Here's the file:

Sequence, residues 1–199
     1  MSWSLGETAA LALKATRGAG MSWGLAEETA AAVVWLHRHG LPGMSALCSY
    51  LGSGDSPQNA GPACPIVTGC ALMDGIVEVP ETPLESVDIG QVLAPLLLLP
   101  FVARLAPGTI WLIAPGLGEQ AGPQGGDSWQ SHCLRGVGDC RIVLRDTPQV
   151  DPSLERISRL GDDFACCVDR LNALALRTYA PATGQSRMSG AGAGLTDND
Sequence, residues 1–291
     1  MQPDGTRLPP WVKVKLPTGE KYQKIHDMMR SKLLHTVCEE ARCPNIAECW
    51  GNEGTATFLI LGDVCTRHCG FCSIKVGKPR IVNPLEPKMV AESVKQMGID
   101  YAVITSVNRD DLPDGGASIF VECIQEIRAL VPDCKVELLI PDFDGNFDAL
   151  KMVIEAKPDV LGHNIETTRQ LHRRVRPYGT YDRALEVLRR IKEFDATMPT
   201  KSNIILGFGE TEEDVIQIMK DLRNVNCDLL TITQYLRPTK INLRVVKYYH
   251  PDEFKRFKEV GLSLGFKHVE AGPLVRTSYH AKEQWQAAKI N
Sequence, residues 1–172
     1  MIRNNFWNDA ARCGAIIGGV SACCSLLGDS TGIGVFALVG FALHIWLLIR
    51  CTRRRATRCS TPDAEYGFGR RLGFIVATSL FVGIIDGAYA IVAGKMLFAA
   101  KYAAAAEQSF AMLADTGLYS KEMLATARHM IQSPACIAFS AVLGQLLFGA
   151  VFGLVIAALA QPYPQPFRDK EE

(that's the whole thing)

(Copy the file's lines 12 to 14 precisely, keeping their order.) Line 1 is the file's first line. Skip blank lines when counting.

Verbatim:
   251  PDEFKRFKEV GLSLGFKHVE AGPLVRTSYH AKEQWQAAKI N
Sequence, residues 1–172
     1  MIRNNFWNDA ARCGAIIGGV SACCSLLGDS TGIGVFALVG FALHIWLLIR